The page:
Phytogenics can have antioxidative and/or antimicrobial activity. Additionally, some phytogenics are used to increase the palatiblity of diets, which could lead to higher growth rates in animals.

Essential Oils

Essential oils are odoriferous secondary plant products that contain most of the plants’ active compounds, such as alcohol, aldehydes, ketones and phenolic compounds. Processing by cold expression, steam distillation or extraction with non-aqueous solvents modifies the active substances and associated compounds within the final products.

The plant family of Labiatae has received the most interest, with thyme, oregano and sage the most popular representatives. The antimicrobial mode of action is considered to arise mainly from the potential of hydrophobic essential oils to intrude into bacterial cell membranes, disintegrate membrane structures and cause ion leakage.

A recent field trial conducted in Vietnam under practical production conditions confirmed that essential oils had positive effects on the growth performance of Pangasius hypothalamus. When included in a commercial feed at levels of 150 grams per metric ton, fish showed a 14 percent higher growth rate.


Immunostimulant substances have been recognized as promising supplements that potentially assist in disease prevention in fish and shrimp. They increase disease resistance by regulating host defense mechanisms against opportunistic pathogens that are always present in the environment surrounding the fish.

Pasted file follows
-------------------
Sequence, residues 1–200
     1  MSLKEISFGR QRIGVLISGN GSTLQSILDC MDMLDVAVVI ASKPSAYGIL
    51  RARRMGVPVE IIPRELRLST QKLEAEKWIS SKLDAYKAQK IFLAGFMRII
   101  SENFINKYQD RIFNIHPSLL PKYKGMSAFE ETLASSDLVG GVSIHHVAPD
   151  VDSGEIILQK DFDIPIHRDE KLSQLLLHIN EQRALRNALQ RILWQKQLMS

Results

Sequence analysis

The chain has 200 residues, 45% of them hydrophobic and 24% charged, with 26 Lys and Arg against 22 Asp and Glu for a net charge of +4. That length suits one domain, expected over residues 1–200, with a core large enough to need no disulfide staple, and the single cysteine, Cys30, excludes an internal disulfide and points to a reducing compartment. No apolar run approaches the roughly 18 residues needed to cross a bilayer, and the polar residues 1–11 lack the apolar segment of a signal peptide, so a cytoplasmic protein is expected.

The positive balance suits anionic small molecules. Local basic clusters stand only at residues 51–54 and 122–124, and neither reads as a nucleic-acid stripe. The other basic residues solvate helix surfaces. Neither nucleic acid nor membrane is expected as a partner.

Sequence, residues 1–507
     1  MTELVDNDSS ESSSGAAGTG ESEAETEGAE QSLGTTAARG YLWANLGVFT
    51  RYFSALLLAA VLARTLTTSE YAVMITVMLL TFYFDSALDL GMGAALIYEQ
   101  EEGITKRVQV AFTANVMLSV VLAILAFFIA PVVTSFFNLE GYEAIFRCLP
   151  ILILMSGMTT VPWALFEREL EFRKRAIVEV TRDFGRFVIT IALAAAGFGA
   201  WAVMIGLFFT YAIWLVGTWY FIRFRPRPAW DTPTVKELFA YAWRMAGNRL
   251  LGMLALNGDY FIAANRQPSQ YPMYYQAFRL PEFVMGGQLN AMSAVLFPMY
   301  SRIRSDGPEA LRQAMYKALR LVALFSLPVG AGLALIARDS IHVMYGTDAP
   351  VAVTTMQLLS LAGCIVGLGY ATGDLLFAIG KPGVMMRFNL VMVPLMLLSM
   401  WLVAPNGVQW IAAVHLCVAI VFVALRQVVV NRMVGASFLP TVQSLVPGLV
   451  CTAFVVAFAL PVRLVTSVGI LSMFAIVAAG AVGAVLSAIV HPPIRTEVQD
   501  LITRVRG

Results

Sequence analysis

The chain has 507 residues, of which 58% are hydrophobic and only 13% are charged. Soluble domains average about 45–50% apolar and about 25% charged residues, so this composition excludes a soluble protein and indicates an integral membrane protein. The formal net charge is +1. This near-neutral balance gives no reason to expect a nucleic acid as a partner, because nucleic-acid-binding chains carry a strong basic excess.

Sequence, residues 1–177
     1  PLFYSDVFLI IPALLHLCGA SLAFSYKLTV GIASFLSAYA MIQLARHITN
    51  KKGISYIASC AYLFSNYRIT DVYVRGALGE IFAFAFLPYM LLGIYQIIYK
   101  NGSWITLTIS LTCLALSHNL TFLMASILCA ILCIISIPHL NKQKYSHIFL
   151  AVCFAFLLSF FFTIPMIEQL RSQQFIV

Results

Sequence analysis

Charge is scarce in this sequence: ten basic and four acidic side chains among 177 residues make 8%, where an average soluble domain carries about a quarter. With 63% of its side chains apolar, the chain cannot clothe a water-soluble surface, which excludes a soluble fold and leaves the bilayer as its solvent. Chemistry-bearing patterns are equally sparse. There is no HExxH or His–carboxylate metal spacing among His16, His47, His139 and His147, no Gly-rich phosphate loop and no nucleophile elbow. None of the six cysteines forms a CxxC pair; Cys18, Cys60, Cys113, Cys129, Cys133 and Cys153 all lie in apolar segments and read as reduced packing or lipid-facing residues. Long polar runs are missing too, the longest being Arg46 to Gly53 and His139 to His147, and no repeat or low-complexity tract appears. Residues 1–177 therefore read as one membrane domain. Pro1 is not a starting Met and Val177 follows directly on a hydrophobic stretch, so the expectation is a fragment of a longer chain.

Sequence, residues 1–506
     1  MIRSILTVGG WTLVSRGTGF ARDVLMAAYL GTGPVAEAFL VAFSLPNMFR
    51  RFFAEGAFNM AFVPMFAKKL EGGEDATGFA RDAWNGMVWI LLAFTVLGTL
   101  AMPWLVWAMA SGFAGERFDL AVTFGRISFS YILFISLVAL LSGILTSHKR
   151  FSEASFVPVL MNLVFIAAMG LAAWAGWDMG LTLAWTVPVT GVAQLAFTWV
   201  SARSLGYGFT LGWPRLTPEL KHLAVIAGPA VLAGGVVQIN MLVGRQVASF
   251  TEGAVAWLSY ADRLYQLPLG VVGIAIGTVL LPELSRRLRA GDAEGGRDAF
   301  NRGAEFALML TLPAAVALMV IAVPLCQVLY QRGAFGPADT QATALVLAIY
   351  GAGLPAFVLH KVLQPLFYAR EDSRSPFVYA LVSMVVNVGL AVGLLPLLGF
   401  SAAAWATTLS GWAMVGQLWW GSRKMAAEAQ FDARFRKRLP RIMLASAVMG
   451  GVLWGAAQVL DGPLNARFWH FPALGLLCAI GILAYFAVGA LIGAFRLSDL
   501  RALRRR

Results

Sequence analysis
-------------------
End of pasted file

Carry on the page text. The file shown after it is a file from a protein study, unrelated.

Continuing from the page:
Immunostimulants increase resistance to infectious disease not by enhancing specific immune responses, but by enhancing non-specific mechanisms. Therefore, there is no memory component, and the response is likely to be of short duration. Many agents are currently in use in the aquaculture industry, such as cell wall fragments, beta-glucans, peptidoglycans, lipopolysaccharides and nucleotides.

Organic acids

Dietary acidification by the addition of organic acids is another possible alternative to improve gut health and performance. The pH-decreasing action of organic acids contributes to an improved activity of digestive enzymes and creates an impaired environment for pathogens.

A combination of organic acids and their salts are commonly used to modulate the gut microflora of intensively farmed animals. This is achieved by causing a shift in the dominant hierarchies of bacteria through the lysing of Gram-negative bacteria.

The action of organic acids in the intestinal tract involves two modes. On one hand, they reduce the pH level in the stomach and particularly the small intestine. On the other hand, they inhibit the growth of Gram-negative bacteria through dissociation of the acids and production of anions in the bacterial cells.

(Editor’s Note: This article was originally published in the May/June 2010 print edition of the Global Aquaculture Advocate.)